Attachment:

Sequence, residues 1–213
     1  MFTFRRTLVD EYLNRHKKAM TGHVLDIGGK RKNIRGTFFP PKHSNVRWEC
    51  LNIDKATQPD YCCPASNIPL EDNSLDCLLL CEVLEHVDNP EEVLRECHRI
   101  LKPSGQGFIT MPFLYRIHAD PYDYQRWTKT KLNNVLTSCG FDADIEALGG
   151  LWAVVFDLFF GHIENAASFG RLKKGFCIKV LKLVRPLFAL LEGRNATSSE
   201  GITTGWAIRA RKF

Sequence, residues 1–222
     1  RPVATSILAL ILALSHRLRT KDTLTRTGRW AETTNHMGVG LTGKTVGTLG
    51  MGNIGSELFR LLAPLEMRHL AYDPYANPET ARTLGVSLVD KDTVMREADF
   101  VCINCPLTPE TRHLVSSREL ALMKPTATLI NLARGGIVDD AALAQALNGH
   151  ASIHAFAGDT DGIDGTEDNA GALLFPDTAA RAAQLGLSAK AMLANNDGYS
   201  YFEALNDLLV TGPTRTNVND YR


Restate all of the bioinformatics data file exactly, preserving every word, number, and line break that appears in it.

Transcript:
Sequence, residues 1–213
     1  MFTFRRTLVD EYLNRHKKAM TGHVLDIGGK RKNIRGTFFP PKHSNVRWEC
    51  LNIDKATQPD YCCPASNIPL EDNSLDCLLL CEVLEHVDNP EEVLRECHRI
   101  LKPSGQGFIT MPFLYRIHAD PYDYQRWTKT KLNNVLTSCG FDADIEALGG
   151  LWAVVFDLFF GHIENAASFG RLKKGFCIKV LKLVRPLFAL LEGRNATSSE
   201  GITTGWAIRA RKF

Sequence, residues 1–222
     1  RPVATSILAL ILALSHRLRT KDTLTRTGRW AETTNHMGVG LTGKTVGTLG
    51  MGNIGSELFR LLAPLEMRHL AYDPYANPET ARTLGVSLVD KDTVMREADF
   101  VCINCPLTPE TRHLVSSREL ALMKPTATLI NLARGGIVDD AALAQALNGH
   151  ASIHAFAGDT DGIDGTEDNA GALLFPDTAA RAAQLGLSAK AMLANNDGYS
   201  YFEALNDLLV TGPTRTNVND YR